Here’s a curious notion: With the release of Seeking a Friend for the End of the World this Friday, movie theaters will play host to not one, but two, road-trip romantic comedies whose premises hinge on science fiction rather than the typical tropes of mistaken identity or an upcoming wedding. Seeking a Friend follows Safety Not Guaranteed, the time travel comedy starring Aubrey Plaza. Maybe two is too early to call a trend, but both movies are reaping the benefits of their screenwriters’ freedom to incorporate more daring elements into their typical rom-coms.
However, while Safety is clearly an indie (and therefore, you’re more likely to accept any plot risks), Seeking a Friend comes across as much more mainstream. After all, you’ve got Steve Carell and Keira Knightley as the unlikely friends: He’s channeling his sad middle-aged character from last year’s Crazy, Stupid, Love, and she’s traded in her period-film garb for a choppy haircut and a goofy grin. But what these well-known actors manage to do is portray two Everymen in extraordinary circumstances, and highlight how human relationships warp and strengthen when faced with a ticking time bomb.
An asteroid 70 miles wide is heading for Earth. It’s called Matilda, and all attempts to turn it away have failed spectacularly. At the start of the film, soft-spoken insurance salesman Dodge’s wife (Carell’s real-life spouse Nancy Carell) literally runs away from him, never to be seen again. His friends decide to spend their final days in a drug-fueled orgy, but Dodge wants his last actions on this planet to mean something. Similarly, his young neighbor Penny (Knightley) regrets missing her flight back to England to live out her final days with the family she’d always taken for granted. With nothing to bind them to their old lives, they set out with the clothes on their backs and a stolen car.
Seeking a Friend is the directorial debut of Lorene Scafaria, who wrote 2008’s hipster love story Nick and Norah’s Infinite Playlist. You can glimpse a similar set-up here: Chance matches up awkward guy with freewheeling, music-loving Manic Pixie Dream Girl. But whereas this walking film trope usually improves the guy’s life and general outlook, Penny’s powers are limited considering Earth’s impending destruction.
Still, their road trip to track down Dodge’s high-school girlfriend Olivia is kooky without stretching the limits of believability, and littered with a host of fun cameos from recognizable actors. You’ve got William “Grissom from CSI” Petersen as a creepy truck driver and Community‘s Gillian Jacobs as the hostess at a TGIFriday’s-style restaurant where the waiters have all taken E and spend their final days chowing on fried onion blossoms and humping.
Considering your views on love, you’re either completely floored or totally unfazed when Dodge and Penny start to fall for each other. Up until this point we’ve trusted Scafaria to ground her outrageous plot in realism, so we’re drawn in as she deftly handles the natural evolution from companionship to attraction to genuine love. In another world, these neighbors wouldn’t do more than smile at each other politely in the elevator. But Seeking a Friend proves that you don’t have to spend years of your life with someone for them to be your soulmate.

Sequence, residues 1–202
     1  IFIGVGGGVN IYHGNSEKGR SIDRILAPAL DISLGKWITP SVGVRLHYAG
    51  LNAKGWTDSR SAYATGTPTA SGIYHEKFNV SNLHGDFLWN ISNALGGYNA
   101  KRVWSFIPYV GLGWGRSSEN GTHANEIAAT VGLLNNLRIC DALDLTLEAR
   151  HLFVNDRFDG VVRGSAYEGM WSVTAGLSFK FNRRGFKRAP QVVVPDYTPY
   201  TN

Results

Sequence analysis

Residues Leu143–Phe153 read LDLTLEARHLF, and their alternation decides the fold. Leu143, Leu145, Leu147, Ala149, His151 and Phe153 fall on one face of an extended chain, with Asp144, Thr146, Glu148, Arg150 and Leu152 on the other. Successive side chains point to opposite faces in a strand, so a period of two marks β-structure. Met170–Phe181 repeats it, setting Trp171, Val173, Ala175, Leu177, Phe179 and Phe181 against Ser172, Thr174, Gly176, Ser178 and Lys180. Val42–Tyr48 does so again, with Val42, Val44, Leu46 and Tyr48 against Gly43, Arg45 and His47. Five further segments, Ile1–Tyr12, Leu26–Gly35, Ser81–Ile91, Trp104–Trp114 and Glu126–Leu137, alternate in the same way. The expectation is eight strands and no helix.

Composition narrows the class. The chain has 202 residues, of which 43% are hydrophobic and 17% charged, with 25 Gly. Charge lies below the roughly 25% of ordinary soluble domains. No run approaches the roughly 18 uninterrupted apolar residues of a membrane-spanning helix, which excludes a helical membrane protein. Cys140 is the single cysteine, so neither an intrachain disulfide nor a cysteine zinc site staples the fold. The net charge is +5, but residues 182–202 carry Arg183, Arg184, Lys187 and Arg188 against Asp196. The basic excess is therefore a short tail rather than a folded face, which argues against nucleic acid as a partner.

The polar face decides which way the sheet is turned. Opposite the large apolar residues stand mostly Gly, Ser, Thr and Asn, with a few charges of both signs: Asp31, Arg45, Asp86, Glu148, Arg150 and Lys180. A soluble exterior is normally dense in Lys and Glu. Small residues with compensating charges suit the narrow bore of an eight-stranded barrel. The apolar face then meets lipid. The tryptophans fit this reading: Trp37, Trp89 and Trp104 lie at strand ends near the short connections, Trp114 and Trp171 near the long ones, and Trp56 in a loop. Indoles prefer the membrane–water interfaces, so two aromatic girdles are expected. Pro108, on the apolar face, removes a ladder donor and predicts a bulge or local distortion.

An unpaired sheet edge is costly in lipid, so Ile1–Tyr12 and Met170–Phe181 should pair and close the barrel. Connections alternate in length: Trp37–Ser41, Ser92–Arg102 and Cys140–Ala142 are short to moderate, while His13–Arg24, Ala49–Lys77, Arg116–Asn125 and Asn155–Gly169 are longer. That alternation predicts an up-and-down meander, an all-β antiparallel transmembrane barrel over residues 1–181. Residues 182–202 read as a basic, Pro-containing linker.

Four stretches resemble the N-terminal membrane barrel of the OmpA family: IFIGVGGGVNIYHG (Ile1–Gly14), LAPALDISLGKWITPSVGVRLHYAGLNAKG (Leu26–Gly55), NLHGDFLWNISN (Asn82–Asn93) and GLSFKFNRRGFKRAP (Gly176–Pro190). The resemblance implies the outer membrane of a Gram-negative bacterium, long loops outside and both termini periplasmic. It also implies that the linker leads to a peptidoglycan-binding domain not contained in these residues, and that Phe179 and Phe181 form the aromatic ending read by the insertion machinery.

Okay, here’s where the real spoilers come in. The movie’s greatest strength is that it fully commits to the notion of the apocalypse. There’s no Armageddon-type last-ditch effort to blow up the asteroid. It’s not revealed to be some worldwide hallucination. The world ends while Penny and Dodge lay in bed face-to-face. (An ironic, slightly uneven aspect of the plot is that the movie seems to reach its end four different times, but you now know what to look out for.) They could be any couple caught up in those first weeks of love—drinking each other in, wanting to learn everything about the other—if not for the flaming rocks taking out buildings around them.
Dodge’s attempts to make grand gestures of reconciliation (including a visit to his estranged father, played by Martin Sheen) are admirable, but cast in the light of the apocalypse they’re always going to fall short. The lesson here is that instead of trying to rewrite the past, savor every millisecond of the present. And even though I’ve told you the ending of this movie, I’ve kept mum on most of the details (including the scene that had me sobbing like a fool at the press screening). Because this movie, like any apocalypse, is less about the inevitable ending and more about the tiny human moments along the way.
Natalie Zutter is a playwright, foodie, and the co-creator of Leftovers, a webcomic about food trucks in the zombie apocalypse. She’s currently the Associate Editor at Crushable, where she discusses movies, celebrity culture, and internet memes. You can find her on Twitter.